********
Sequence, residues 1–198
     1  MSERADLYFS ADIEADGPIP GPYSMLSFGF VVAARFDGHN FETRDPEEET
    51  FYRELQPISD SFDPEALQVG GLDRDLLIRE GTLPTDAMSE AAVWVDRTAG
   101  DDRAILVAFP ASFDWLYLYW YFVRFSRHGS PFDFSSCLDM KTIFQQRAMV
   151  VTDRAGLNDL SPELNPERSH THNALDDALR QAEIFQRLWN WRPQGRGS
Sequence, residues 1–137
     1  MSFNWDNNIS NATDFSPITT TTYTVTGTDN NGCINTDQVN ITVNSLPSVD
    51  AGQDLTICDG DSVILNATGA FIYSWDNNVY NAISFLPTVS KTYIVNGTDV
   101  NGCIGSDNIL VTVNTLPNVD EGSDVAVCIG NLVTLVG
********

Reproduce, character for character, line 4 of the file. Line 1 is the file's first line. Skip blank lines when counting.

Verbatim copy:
   101  DDRAILVAFP ASFDWLYLYW YFVRFSRHGS PFDFSSCLDM KTIFQQRAMV